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Lecture 3

MICB 202 Lecture 3 Continued

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Department
Microbiology
Course
MICB 202
Professor
All Professors
Semester
Winter

Description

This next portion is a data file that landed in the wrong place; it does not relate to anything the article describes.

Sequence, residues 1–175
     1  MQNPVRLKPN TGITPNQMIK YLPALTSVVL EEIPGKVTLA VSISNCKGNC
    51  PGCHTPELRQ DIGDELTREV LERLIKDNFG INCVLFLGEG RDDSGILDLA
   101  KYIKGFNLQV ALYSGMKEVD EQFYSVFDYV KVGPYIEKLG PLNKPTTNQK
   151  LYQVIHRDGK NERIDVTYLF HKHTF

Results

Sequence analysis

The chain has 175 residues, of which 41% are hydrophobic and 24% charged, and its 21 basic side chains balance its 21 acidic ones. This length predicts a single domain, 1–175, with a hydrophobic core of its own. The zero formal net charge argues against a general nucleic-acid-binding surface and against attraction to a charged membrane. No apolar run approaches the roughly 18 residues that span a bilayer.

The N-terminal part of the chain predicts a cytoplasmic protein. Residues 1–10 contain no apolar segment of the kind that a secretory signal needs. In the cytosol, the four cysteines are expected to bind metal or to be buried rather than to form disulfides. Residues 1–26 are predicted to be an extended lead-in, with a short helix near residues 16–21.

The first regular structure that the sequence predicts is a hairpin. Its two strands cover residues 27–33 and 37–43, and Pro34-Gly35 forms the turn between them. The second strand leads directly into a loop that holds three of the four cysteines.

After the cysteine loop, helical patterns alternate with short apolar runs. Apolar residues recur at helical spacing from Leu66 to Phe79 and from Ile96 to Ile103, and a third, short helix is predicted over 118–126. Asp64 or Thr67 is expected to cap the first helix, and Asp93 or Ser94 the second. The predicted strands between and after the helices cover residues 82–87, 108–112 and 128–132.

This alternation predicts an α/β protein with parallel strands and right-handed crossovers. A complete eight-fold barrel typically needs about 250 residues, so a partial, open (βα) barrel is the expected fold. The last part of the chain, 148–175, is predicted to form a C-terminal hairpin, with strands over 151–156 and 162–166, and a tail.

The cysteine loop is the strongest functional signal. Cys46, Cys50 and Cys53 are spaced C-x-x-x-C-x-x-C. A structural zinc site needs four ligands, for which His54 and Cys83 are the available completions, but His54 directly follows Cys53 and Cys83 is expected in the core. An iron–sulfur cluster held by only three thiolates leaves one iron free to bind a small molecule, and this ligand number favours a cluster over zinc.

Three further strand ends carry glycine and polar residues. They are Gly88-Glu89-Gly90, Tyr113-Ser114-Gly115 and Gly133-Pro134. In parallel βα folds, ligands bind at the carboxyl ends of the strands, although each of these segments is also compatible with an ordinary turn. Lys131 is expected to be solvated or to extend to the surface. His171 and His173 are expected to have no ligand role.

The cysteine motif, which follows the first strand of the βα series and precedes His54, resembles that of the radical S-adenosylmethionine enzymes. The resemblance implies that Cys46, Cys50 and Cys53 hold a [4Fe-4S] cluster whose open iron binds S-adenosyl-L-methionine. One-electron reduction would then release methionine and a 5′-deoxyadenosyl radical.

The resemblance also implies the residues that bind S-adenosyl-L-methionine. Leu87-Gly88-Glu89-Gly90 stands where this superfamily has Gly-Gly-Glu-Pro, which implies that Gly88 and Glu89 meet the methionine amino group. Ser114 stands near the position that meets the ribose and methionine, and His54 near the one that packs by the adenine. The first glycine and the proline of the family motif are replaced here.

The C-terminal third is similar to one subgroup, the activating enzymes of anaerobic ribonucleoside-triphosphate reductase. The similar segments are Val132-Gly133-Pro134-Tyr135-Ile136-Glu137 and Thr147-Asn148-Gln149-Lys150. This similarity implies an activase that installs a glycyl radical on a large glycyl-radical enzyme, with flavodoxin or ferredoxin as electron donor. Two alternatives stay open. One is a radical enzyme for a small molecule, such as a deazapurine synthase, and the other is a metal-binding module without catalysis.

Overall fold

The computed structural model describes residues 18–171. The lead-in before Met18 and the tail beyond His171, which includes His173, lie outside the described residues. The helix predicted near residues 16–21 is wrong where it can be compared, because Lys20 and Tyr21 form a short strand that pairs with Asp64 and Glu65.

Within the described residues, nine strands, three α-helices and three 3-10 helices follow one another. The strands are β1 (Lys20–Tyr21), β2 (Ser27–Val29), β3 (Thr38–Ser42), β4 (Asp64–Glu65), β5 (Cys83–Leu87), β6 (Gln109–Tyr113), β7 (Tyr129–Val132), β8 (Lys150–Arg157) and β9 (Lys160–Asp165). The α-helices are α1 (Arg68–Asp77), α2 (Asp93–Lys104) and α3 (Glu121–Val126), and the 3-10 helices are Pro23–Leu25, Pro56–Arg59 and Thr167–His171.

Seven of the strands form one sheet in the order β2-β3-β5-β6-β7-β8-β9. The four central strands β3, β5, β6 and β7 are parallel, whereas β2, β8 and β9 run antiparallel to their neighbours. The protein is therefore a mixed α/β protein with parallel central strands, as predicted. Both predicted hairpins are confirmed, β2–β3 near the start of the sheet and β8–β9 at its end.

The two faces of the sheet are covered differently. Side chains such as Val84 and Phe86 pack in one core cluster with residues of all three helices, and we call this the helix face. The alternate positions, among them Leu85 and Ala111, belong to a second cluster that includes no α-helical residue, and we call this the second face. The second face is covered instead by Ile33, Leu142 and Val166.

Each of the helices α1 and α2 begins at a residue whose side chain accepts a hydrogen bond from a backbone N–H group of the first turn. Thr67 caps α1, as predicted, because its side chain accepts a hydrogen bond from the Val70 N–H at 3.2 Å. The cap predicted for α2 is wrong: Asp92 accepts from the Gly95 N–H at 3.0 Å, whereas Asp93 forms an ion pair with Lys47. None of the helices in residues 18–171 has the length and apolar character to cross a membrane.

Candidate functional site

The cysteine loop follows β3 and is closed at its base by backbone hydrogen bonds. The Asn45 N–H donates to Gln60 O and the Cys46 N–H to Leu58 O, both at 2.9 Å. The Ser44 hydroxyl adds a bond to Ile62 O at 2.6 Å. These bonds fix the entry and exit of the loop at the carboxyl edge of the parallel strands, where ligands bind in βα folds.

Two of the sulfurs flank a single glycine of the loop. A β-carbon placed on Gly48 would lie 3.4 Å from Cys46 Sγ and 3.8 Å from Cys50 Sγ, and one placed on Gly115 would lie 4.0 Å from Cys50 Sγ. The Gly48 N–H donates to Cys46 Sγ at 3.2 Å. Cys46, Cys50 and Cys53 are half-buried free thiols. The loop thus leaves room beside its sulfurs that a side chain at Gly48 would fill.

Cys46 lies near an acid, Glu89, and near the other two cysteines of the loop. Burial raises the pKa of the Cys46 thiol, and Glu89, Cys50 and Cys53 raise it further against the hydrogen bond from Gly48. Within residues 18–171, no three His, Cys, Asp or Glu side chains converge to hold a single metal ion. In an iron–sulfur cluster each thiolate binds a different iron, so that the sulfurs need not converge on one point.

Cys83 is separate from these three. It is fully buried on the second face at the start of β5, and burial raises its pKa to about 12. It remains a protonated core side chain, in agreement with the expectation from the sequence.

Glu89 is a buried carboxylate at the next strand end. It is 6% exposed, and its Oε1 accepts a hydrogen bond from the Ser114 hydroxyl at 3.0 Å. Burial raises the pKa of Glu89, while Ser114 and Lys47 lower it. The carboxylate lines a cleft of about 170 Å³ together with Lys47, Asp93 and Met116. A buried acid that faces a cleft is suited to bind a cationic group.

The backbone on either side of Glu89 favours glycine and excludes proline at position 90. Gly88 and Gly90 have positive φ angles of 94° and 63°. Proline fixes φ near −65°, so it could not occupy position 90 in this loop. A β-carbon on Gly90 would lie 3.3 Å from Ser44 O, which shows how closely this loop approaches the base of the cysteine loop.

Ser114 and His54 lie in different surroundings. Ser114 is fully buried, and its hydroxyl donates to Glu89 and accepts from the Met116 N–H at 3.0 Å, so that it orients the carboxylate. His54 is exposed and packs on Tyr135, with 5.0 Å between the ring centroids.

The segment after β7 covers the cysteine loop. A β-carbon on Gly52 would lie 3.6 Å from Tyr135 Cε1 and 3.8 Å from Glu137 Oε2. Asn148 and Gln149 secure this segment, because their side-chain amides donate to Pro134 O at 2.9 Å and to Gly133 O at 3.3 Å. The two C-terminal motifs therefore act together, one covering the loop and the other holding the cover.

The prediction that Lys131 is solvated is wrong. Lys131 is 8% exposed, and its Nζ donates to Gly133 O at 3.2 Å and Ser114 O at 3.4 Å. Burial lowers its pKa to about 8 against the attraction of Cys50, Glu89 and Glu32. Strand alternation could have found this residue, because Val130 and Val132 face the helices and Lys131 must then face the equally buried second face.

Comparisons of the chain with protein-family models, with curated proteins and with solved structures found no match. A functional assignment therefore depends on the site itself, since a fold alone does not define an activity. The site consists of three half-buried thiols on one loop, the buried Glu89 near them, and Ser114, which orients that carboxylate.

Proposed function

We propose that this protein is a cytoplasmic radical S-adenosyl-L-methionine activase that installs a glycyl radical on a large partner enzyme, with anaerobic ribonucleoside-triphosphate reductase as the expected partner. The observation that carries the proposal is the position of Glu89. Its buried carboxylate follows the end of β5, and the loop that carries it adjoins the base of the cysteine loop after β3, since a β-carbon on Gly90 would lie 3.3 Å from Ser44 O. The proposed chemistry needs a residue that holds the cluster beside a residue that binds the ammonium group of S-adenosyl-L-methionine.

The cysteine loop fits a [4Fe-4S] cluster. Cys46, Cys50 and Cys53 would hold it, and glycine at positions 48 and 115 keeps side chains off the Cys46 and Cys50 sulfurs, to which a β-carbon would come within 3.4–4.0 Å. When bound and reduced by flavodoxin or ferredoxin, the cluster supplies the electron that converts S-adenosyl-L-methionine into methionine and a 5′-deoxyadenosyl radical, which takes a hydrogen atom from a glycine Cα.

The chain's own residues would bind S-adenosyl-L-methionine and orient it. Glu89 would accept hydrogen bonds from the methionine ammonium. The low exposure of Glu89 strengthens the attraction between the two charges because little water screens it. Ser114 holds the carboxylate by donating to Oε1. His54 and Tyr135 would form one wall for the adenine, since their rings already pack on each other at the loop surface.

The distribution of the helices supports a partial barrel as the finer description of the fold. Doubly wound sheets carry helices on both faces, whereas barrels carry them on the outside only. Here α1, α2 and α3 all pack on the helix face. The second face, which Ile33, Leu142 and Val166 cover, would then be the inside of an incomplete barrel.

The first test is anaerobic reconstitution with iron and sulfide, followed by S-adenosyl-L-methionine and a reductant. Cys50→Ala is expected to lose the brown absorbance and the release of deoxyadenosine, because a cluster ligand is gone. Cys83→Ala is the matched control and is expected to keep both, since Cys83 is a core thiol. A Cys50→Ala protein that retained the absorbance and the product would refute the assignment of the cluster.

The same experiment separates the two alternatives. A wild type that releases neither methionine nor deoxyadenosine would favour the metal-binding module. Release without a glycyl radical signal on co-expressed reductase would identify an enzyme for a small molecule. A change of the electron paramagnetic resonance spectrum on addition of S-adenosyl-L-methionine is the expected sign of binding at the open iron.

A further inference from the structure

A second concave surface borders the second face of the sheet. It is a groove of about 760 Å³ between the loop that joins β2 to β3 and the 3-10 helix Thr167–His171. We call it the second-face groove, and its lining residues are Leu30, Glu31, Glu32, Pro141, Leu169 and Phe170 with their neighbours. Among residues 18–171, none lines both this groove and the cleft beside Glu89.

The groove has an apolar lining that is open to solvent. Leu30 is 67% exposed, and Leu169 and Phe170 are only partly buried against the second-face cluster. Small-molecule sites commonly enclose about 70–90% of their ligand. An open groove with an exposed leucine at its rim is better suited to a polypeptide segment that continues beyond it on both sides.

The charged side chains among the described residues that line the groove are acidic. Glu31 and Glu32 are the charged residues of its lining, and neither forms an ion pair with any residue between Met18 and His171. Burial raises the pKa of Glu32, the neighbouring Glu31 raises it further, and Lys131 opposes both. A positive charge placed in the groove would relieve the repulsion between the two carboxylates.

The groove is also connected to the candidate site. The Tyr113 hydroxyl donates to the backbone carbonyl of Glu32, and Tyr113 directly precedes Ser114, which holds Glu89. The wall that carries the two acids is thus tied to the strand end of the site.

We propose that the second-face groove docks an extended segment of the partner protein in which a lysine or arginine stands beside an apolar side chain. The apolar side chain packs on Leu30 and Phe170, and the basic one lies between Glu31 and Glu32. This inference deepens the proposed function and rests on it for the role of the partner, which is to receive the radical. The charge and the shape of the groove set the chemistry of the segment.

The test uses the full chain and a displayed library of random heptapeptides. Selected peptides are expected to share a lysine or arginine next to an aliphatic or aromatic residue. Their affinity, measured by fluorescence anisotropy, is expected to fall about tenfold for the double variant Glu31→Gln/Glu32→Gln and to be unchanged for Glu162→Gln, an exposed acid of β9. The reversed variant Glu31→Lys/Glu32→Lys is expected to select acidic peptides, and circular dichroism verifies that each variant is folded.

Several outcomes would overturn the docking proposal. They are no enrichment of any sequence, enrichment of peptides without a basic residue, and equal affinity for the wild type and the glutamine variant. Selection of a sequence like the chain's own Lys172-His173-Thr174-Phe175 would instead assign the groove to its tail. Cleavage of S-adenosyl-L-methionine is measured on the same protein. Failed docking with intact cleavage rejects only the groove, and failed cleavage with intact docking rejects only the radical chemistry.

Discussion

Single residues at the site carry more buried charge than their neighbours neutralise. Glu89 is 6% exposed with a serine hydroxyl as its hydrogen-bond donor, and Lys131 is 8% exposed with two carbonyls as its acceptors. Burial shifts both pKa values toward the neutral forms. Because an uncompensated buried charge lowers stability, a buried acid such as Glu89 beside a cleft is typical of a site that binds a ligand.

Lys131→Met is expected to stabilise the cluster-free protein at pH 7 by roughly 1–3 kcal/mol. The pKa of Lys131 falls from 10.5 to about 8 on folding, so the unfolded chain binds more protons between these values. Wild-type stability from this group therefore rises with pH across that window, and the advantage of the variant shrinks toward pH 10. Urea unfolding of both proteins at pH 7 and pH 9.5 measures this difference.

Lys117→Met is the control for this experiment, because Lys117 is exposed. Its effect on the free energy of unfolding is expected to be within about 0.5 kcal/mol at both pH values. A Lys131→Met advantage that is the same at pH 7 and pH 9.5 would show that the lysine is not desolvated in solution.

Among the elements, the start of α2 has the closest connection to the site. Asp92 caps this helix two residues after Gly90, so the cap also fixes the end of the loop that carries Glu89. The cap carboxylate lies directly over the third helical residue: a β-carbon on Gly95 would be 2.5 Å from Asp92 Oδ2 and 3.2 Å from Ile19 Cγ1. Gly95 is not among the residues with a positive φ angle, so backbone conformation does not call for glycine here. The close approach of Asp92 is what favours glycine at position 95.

Micb 202 lecture 3 cont. • Inflammatory Response o Damaged mast cells and epithelial cells release chemicals for pain o Mast cells release histamine to dilate BV (pain, swelling, redness, warmth) o Resident Macrophage release  IL1: fever, sticky and leaky BV. Cytokine.  IL6: fever, sticky and leaky BV. Cytokine.  IL8: chemokine for chemotaxis  TNF-a: sticky, leaky BV. Is a cytokine o Sticky + leaky recruit plasma which has complements, neutrophils, monocytes, and dendritic cells  Monocytes mature  All cells move with IL8 gradient. Squeezed through tight junctions of endothelium  *fastest responders are neutrophils, then macrophage, then dendritic o Phagocytosis occurs, and activated dendritic cells move to lymph nodes to present on MHCII to T cells • Activation of Complement System o Is a cascade. o Result is pore formation in pathogen by MAC o Classic Pathway: C3 cleaved into C3a, C3b by antibody o Alternate Pathway: C3 spontaneously cleaves into C3a, C3b *C3b is an opsonin, it also forms part of C3 convertase. Likewise, C5b forms part of MAC • Other functions of complements o C3a: inflammation. Increase permeability by stimulating macrophage to produce more TNF o C3b: opsonin. Phagocytic cells have receptors for opsonins, therefore increase contact points. Not just PRR receptors. o C5a: inflammation. Induce mast cells to make more histamine Major Histocompatibility Complex • MHC: o Polygenic: more than 1 gene codes for similar MHC proteins, probably due to gene duplication then divergence o MHC 1: HLAA, HLAB, HLAC o MHC II: HLADP, DR, DQ o Are also polymorphic: different alleles  And are codominantly expressed so you have 6 o Since they are proteins, has high level of turn over. • MHC 1 VS MHC II MHC 1 MHC II Alpha chain, B chain not covalently Alpha, beta chains bonded to it. With B-microglobulin. Peptide binding groove in alpha . present tPeptide binding groove between the 2. CTL Present to TH 8-10aa, fits in groove a.a. 13 , drapes over groove In most nucleated cells Only inAPCs: macrophage, dendritic, B cell, thyroid epithelial cells Peptides derived from cytosolic proteins: Peptides are derived from Extracellular. self, virus. Peptide loading in ER Peptide loading btwn ER/membrane in vesicle. Lecture 4 • MHC 1 loading: endogenous o Cytosolic proteins degraded into peptides by proteosome, transported to lumen of ER by TAP o Newly made MHC associate with B2-microglobulin--------unique to mhci o Peptides bind to MHC in ER lumen o Leave ER-->Golgi o Displayed for 24h, then internalized and replaced • MHC II loading: exogeneous o Protein/pathogen internalized byAPC o Phagosome or endosome fuse with lysosome o Proteases break down proteins to produce peptides o Newly made MHCII associate with invariant chains which block peptide binding site. Leave ER in vesiclegolgi o Invariant chain digested in golgi to leave a small CLIP in binding site o Peptide vesicle fuse with MHC vesicle, CLIP removed, peptide loaded o Displayed at cell surface for 48h • T cell development o Precursor T cells derived from lymphoid stem cells in bone marrow do not yet express TCR. Migrate to thymus o Begin to express TCR that’s generated randomly thru splicing of gene segments (each cell has 30,000identical copies)  Will eventually become • CD4 aka TH aka recognize MHC II • CD8 aka CTL aka recognize MHC I • More on T cell dvlpment o Undergo positive, negative selection o At a point, thymocyte express both CD4, CD8, but if its TCR binds better with MHC 1, will stop expressing CD4, and vice versa • T cell activation o Must have 2 signals fromAPC (dendritic cell is best) o 1: TCR binds to MHC-peptide complex,( then binding of CD4 or CD8 to MHC just not at binding cleft. CD3 signalling complex activated to deliver SIGNAL 1 to nucleus ) o 2: CD28 protein of T cell binds B7 of apc—only professionalAPCs can deliver o If only signal 1, cell becomes anergic • After activation, T cell requires IL2 to proliferate. Made by TH (a lot), CTL also make some, but need more to proliferate o Cells make and secrete, with IL-2 receptors on cell surface (autocrine loop)  Binding cause prolif, and differentiation  T cell can become effector cells (kill viral infected cells, and memory cells that will reactivate if same virus comes back) • Comparing the 6 MHC I proteins I have o The B2-microglobulin is same for all, region of protein near membrane, region associating with B2, region important to overall 3D shape o This is important to make sure it can still present peptides to T cell (right shape for interactions) o Variable regions=peptide binding site. o Slightly variable regions=region interacting with TCR Lecture 5: • Positive and negative se4lection for T cells o Positive selection: identify developing T cells that can bind to MHC for activation  Need low affinity interaction btwn T cell and MHC+self peptide  After expressing both CD4, CD8, TCR screened against MHC+self peptide by thymic cortical epithelial cells • If bind to MHC I, given signal to express CD8 • If bind MHC II, given signal to express CD4 • If no binding, get no signal, apoptosis o Negative selection: identify developing T cells that bind MHC too tightly —induce self-tolerance and prevent autoimmune disease  Can occur at any immature or mature stage  APCs derived from bone marrow facilitate in thymus  If bind too strongly, apoptosis o Only about 5% of cells entering thymus mature into T cells, of these, only a few will ever be activated in the body to fight infections o But thymus epithelial cells and the bone marrow derivedAPCs have certain genes shut off and doesn’t present some peptides found in other tissues. What to do?AIRE!  AIRE-autoimmune regulator gene expressed in thymic medullary cells (includes epithelial, dendritic, macrophages) • Is a transcription factor that allows thymic cells to express other tissue-specific antigens • If AIRE mutation, getAPECED. Symptoms are chronic candidiasis, hypoparathyroidism, and others. • In vitro different from in vivo o In vitro macrophages can activate naïve T cells. In vivo, activate previously activated T cells, present antigen to activate self o Dendritic cells always bestAPC due to huge SA o B cells in body present antigen to TH to become activated themselves. In vitro, can activate naïve T cells o We will assume in vivo only dendritic cells can activate naïve T cells • Roles of TH o Cytokine support for both humoral, cell mediated responses o Help macrophages kill intracellular bacteria o Help CTLs kill viral infected cells o Help B cells proliferate into plasma • Treg o Express high levels of CD25, part of IL2 receptor o Also have CD4 o TCR, when recognize MHC-peptide complex, gets signal 2, begins to secrete IL-10 o 2 functions  Resets anergic cells  Shuts down self-reactive cells in periphery Lecture 6 • B cell development o As immature B cell, begin to express IgM, as mature B cell but naïve, express IgM and IgD o Each B cell has 10,000 identical copies of BCR and 40% of cells that commit to B cell development end up as a B cell—this is 35% more than for T cells • B cells make a secreted form of BCR=Ab/Ig/sIg—by plasma cells o Vs. membrane bound form of BCR=mIg/BCR (just memory and naïve cells) • 5 classes of Ig: M, D,A, G, E o E lots in ppl with allergies o Have different functions in immune system o All can be either sIg or mIg, except for IgD which is only on membrane of NAÏVE B cells o Functions determined by type of H chain it has N terminus *dark dashes show disulfide bonds. Can be broken if reduced • BCRs have 4° structure: 4 polypeptides o 2 heavy, 2 light chains that are identical. Each have variable and constant regions o Each BCR can bind 2 antigens due to the 2 pockets created by the Vh and Vl regions • Like TCR, BCR associated with signalling complex=Igà, Igb • 3 areas within variable regions are hypervariable regions=parts that contact antigen (just like TCR) o Differences in mIg and sIg is in C terminus of heavy chain  sIg doesn’t have the signalling complex • variable/constant regions refer to primary structure of protein • B cells only undergo negative selection: BCRs cant bind too strongly to own body antigens in bone marrow=clonally deleted o Don’t need positive selection because don’t bind to MHC • B cell activation: o Signal 1: BCR binds to intact antigen, crosslinking of 2 adjacent BCRs  Signal relayed by alpha, beta to nucleus o Signal 2: BCR with antigen internalized, processed, and peptide displayed on MHC II, present to TH  The TH has previously been activated by a dendritic cell  Activated TH is found by B cell in spleen/lymph node, CD40 on B cell binds to CD40L on T cell after the MHC engages with TCR + CD4 and strengthened by CD28 with B7. • TH secrete cytokines to help support B cell proliferation/differentiation itno plasma and memory • Antibodies last few months in body, plasma cells live a few months. Memory cells live years. • Ab bind to epitopes o 3d shapes about size of 4-5a.a o Can be proteins, lipids, carbs, synthetics, vs. TCRs which only recognize peptides complexed with MHC o Side chains of a.a. in pocket ofAb play important role in antigen binding (size and charge of R groups) • Immunoglobulin Class switching o During immune response, B cell may switch to make a different class of antibody  V regions stay same, C regions change • Only heavy chain involved. Involves DNAsplicing  Important since dif Ig work in dif parts of body o Switch is UNIDIRECTIONAL. Can’t switch back. o The gene if PERMANENTLY excised, so theres no way you can make it again. o Induced by TH with cytokines Lecture 7 (see mind map that I wrote down.) Lecture 8: • Antibody functions o Neutralization: only variable region involved o Opsonisation: Fc region ofAb has receptors for macrophage (Fc recepeptors) C3b also has receptors on phagocytic cells. o Complement mediated killing: classical complement cascadeMAC formed Immune Response to INTRACELLULAR Bacteria infection • If cell is infected but no MHCII, can’t activate TH, so bacteria keeps growing until cell dies and bacteria released. Or if MHCI presents a bacteria peptide, activated CTL kills the cell and release bacteria. So hopefully the extracellular bacteria will be picked off by other immune cells or antibodies. (can involve cross-presentation by dendritic) • • • How to superactivate the macrophage: o 1. IFN-γ by TH o 2. CD40L on T cell binds to CD40 on macrophage o These signals cause macrophage to transcribe new set of genes: NO, O radicals, proteases.  Like suicide bomber. Kills cell, bacteria, and surrounding tissue  Eg. Leprosy. Immune response leads to loss of facial structure, fingers.  *this is primary response. If same pathogen encountered, there will be memory T cells so response only 2-3days Lecture 9 VIRAL INFECTIONS! **the problem is, if a cell only has MHCI and display viral peptide, CTL can’t be activated since there’s no signal 2 (B7 mediated), thus, the CTL would become anergic Dendritic cells to the rescue! They can cross-present! -activated CTL look around for cells that have MHC-1-Peptide complexes that bind to its TCR, if bind. Release perforin + granzyme so cell undergoes apoptosis. -takes 45-60mins for target to die. -CTL requires survivial signals to live MICB 202 LEC 10 • Cytokine release during infection can lead to recruitment and activation of more immune cells—this usually produces symptoms eg. Nausea, headache, muscle ache, fever • SEPSIS o When bacteria grows in BV and systemic inflammation response occursseptic shocklow BP, organ failure • Sometimes immune system mounts response against non-harmful substance o Allergies o Tuberculin o Transplant rejections o Autoimmune disease o Results from HYPERSENSITIVY=unreasonable and exaggerated immune response to something that’s not dangerous • Immediate hypersensitivity: (involve TH, dendritic, macrophage, B, mast) o Mediated by IgE that are bound to Fc receptors on mast cells(remember, Fc is region ofAb on bottom) o Person has already had 1° response toAg (class switched to IgE, secreted inblood but high affinity for mast cells in tissues) o IgE cross-linked (2 IgE bind to sameAg) after bindingAg, stimulates cell to release histamineallergic symtpoms whithin mins  Sneeze, cough due to excess mucus secretion, hives, rash, diarrhea, vomiting o Allergies can be localized(if allergen trapped at mucus surfaces) or if travels systemically (peanuts, bee venom, penicillin)anaphylactic shock  BV dilate, and airways constrict to compensate for low blood flow • Why do we